A report set to have a significant influence on Labour’s adult social care policy at the next general election has ruled out an immediate end to care charges in favour of a more gradual move towards “affordability”.
The report, launched this morning (Thursday) by the Fabian Society, was commissioned by the public service union UNISON after shadow health and social care secretary Wes Streeting asked the think tank to examine how to introduce a National Care Service in England.
As suggested in a draft version of the document leaked to Disability News Service in March, the report rules out an immediate end to care charging under a Labour government.
Instead, the union-commissioned report suggests that the priority for a new Labour government should be “addressing the immediate workforce crisis” by ensuring “sufficient, properly rewarded and well-trained staff”.
It concludes that, due to the “competing financial pressures facing the system”, charging reform “should not be the first priority for extra money” and should only be “progressed gradually alongside other changes”.
It adds: “The launch of a National Care Service should not mean immediately jumping to a position where most support is free at the point of need.”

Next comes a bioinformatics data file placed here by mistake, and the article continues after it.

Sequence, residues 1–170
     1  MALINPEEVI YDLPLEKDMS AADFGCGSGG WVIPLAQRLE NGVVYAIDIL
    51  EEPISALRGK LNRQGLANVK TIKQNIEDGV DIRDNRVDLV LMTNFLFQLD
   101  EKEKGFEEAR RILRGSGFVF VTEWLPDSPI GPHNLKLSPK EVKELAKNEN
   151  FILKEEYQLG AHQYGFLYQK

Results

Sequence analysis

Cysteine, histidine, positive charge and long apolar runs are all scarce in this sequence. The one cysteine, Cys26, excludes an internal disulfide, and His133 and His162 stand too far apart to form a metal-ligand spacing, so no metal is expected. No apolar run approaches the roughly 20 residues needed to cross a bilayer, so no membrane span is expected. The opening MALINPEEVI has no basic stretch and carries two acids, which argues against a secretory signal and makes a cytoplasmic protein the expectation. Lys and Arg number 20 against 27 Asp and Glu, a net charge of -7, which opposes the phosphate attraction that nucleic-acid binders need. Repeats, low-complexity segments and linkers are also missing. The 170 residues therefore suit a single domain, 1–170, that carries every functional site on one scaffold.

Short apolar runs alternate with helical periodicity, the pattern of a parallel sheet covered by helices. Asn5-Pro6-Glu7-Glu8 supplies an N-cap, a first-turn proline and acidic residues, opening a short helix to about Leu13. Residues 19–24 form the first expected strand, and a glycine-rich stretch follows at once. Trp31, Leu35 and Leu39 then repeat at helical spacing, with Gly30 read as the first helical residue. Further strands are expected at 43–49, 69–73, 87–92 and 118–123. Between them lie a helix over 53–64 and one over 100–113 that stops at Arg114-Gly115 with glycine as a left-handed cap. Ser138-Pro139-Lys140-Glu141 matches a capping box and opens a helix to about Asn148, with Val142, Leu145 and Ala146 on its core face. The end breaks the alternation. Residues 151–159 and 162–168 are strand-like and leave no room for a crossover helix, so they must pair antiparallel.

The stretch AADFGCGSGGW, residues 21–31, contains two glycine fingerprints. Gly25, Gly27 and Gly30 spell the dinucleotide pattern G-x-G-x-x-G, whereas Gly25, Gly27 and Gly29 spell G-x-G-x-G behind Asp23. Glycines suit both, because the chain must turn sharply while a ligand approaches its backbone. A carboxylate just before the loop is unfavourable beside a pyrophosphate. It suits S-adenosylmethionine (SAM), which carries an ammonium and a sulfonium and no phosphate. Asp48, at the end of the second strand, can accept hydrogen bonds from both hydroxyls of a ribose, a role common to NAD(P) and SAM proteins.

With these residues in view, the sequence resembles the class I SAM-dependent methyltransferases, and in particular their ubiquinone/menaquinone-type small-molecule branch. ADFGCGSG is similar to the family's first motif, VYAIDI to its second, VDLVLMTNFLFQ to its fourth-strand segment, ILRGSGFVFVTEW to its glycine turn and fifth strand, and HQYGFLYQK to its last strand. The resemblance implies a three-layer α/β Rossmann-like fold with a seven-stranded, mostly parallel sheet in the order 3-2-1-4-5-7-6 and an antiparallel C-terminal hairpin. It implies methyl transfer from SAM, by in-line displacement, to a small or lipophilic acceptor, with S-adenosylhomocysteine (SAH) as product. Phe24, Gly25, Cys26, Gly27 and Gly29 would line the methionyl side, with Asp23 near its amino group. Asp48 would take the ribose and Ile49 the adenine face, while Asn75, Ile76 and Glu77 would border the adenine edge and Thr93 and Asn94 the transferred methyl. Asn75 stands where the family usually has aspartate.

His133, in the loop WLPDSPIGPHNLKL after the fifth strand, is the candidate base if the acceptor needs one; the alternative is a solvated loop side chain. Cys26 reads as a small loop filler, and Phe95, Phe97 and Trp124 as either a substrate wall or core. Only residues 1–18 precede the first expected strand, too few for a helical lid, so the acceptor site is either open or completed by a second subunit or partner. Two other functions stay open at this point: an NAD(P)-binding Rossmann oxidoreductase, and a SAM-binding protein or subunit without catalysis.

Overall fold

The Fabian Society appears to have dropped the recommendation in the draft report that spending on social care should increase by at least six to seven per cent above inflation each year for 10 years.
Instead, it merely suggests that the government should make “a 10-year spending commitment to significantly raise expenditure in real terms every year, and commission independent advice on the amount needed”.
Today’s report also suggests that a new Labour government should take some “immediate steps” on charging reform, such as making all short-term care free or uprating means-testing thresholds.
But rather than offering an end to care charges, the report suggests that the National Care Service (NCS) should provide “services for everyone with support needs, regardless of their means, and affordable to all”.
It adds: “The central task for social care reform should be to ensure that the right support is available to everyone who needs it.
“Achieving fair and affordable care payments can follow.”
But despite painting a grim picture of social care in England, with local authorities being forced to ration care and support, and a £6.1 billion funding gap, there appears to be no mention in the report of the debt crisis facing disabled people who pay for social care in their own homes.
Research by disabled campaigners showed last year that tens of thousands of disabled people across the country every year were having debt collection action taken against them by their local authorities over unpaid care charges.
But instead of an immediate end to charging, today’s report suggests that “one or two” significant care charging reforms could coincide with the eventual launch of the National Care Service.
This might take place in the summer of 2028 – likely to be four years after an election – with the government then announcing a “timetable of further charging changes”.
Options for these initial reforms could include offering free care and support for all people who become disabled before the age of 25, or funding free support for people with “very significant support and clinical needs”.